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Big Bank accused of swindling military members

//June 7, 2016

Big Bank accused of swindling military members

//June 7, 2016

JPMorgan Chase is facing a federal class-action lawsuit in North Carolina alleging that the banking giant took advantage of thousands of military members throughout the country while they were deployed.

The lead plaintiffs, Gary and Anne Childress of Raleigh, had credit card debt with JPMorgan in 2008, when the National Guard sent Mr. Childress to Iraq, according to the complaint. They argue that the bank charged them more than 6 percent interest in violation of the Servicemembers Civil Relief Act.

The law is meant to protect military members and their families by capping interest rates on their debts while they’re on active duty.

The complaint states that JPMorgan Chase and its related companies, Chase Bank and Chase Bankcard Services, targeted military members with a dedicated website,, and slogans such as, “Your commitment is to our country. Our Commitment is to you,” but then “failed to honor the active duty status of America’s fighting forces.”

The bank allegedly charged military members illegally high interest rates and fees while concealing the violations in account statements, which falsely reflected a 6 percent interest rate.

“It would have been difficult, if not impossible, for the individual service members to make the connection and understand that the numbers didn’t match up – and remember that this was happening during times of active duty,” said an attorney for the plaintiffs, Chris Battles of the Shanahan Law Group in Raleigh.

He said the rates varied depending on the particular accounts involved. He hoped to pin down specific numbers during discovery, along with a list of potential plaintiffs.

The Childresses and other service members only realized that something was wrong when they received a $6,899 check from JPMorgan with an apology letter stating that the bank might have overcharged them.

Last year, the Shanahan Law Group filed a class action against Bank of America after it sent out similar letters and checks to its military member account holders. The Childresses are also involved in the Bank of America suit, which is ongoing.

“The difference in the JPMorgan Chase lawsuit is, from what we understand, that their letters were a bit more explicit and specifically referenced the fact that there was some failure on the part of the bank to adhere to the SCRA,” Battles said.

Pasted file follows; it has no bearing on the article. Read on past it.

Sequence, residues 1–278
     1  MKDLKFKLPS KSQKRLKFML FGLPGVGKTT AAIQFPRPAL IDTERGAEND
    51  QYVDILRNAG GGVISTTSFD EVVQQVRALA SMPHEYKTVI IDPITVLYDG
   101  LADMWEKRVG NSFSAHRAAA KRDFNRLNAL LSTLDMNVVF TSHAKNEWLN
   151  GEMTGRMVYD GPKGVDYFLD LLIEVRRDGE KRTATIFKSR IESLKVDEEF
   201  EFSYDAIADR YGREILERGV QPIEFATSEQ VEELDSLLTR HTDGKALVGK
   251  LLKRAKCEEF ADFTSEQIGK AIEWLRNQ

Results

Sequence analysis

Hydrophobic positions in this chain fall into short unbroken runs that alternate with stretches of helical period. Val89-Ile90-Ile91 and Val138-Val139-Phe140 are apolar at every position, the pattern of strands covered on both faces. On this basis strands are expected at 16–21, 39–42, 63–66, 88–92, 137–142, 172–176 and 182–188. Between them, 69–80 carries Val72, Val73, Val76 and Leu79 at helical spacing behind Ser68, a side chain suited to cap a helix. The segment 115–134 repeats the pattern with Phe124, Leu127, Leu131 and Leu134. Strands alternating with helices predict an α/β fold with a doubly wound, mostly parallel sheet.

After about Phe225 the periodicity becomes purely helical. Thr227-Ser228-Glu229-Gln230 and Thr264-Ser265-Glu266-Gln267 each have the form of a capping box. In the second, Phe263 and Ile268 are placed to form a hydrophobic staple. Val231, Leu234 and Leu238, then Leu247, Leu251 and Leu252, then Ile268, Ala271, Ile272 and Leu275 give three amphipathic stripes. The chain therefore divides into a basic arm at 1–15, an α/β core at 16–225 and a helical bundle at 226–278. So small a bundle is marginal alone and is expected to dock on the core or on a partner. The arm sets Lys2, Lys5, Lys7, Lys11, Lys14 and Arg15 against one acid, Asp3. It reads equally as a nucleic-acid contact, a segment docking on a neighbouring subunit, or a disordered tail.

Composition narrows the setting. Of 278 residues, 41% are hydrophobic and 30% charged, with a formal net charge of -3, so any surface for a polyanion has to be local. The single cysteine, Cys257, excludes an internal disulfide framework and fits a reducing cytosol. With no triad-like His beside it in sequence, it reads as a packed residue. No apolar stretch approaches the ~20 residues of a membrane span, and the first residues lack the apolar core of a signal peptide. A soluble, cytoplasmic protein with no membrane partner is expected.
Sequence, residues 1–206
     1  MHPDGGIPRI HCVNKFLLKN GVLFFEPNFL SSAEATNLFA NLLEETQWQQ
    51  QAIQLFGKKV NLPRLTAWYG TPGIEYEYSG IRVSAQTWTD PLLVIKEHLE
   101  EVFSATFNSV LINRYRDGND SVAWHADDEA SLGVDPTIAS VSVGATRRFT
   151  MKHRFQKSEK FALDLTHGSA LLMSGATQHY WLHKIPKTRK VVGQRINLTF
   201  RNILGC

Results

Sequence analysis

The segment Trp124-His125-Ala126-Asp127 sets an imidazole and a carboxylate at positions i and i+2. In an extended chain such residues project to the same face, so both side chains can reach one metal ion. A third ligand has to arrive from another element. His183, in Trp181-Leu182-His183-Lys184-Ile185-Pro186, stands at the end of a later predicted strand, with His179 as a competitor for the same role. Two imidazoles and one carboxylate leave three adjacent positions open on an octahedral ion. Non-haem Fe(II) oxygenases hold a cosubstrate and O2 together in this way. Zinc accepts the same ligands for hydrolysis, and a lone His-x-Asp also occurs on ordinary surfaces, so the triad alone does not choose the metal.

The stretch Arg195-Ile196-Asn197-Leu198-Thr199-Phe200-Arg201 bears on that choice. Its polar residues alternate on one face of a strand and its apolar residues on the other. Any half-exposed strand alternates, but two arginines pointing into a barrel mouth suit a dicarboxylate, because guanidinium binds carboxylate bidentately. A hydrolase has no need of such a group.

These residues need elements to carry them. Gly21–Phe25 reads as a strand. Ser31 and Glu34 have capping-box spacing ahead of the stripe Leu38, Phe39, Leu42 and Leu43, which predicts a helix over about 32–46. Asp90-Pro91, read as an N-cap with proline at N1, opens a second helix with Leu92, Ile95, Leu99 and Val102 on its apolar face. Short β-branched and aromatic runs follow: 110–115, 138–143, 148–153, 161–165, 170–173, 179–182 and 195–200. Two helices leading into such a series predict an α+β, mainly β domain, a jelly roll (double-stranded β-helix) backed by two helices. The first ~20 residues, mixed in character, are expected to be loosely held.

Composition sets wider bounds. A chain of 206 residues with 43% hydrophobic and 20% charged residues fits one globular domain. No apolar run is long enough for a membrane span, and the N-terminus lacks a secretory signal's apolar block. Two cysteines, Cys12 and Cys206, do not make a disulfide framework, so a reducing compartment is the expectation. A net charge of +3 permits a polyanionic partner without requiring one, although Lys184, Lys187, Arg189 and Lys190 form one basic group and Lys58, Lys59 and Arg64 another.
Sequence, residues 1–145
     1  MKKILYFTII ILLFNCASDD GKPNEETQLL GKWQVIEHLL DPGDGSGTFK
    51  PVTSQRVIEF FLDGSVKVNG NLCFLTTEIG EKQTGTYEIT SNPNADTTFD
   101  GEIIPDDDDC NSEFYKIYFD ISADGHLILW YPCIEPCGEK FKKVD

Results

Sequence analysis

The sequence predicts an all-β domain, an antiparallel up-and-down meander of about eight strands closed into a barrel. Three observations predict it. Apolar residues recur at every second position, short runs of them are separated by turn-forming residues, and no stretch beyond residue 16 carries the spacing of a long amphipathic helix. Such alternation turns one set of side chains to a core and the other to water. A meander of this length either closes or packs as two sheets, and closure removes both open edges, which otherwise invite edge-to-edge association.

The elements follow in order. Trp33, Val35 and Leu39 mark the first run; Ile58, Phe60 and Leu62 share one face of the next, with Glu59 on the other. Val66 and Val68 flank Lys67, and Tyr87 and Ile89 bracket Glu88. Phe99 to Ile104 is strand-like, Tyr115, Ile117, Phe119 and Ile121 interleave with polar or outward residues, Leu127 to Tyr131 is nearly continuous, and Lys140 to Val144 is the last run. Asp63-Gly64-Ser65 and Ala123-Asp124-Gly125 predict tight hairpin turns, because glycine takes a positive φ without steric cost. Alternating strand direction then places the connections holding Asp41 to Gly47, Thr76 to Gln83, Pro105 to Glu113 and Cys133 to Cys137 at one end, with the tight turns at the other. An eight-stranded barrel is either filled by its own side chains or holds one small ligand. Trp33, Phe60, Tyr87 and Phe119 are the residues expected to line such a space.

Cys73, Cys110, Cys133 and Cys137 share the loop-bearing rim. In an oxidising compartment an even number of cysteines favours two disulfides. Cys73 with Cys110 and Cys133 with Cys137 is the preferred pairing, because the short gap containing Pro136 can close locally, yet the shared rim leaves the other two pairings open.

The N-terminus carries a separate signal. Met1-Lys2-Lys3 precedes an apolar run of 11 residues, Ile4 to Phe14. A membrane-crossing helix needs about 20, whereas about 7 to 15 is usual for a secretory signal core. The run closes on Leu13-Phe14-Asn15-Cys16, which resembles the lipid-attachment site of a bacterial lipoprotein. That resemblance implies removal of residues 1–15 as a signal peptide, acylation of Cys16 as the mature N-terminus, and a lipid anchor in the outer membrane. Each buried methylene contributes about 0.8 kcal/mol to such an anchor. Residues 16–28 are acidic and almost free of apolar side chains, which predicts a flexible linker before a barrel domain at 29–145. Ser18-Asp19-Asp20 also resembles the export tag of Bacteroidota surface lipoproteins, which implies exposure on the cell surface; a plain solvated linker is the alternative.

But he added that in both cases there’s still “no way of knowing what these checks are for or where all these numbers came from. At no time has there been any accounting of any of this, even when the banks were issuing checks to purportedly correct the overcharges.”

A JPMorgan spokesman said the bank does not comment on pending litigation. It had not yet responded to the complaint and did not have any attorneys listed in the record.

The complaint further alleges that the bank “systematically steered military families to higher-interest rate products, thereby charging more interest from such families prior to active military service and depriving military families of the intended benefits of the SCRA and [JPMorgan’s] proprietary program” for those families.

An internal audit of the bank’s activities between 2005 and 2013 revealed that it had “systemically had repeatedly violated the SCRA” by overcharging interest on mortgages, personal accounts, credit card accounts, student loans and an array of other product lines, according to the suit.

The discovery apparently resulted in the checks and apology letters.

“The correspondence was often sent in a nondescript envelope that appeared to many servicemembers as a solicitation or ‘junk mail,” the complaint states.

The plaintiffs have asked a judge to find that the bank violated the SCRA and order it to disgorge its “ill-gotten gains.” They’re also seeking treble damages under North Carolina’s Unfair and Deceptive trade Practices Act, along with attorneys’ fees and costs.

Follow Phillip Bantz on Twitter @NCLWBantz

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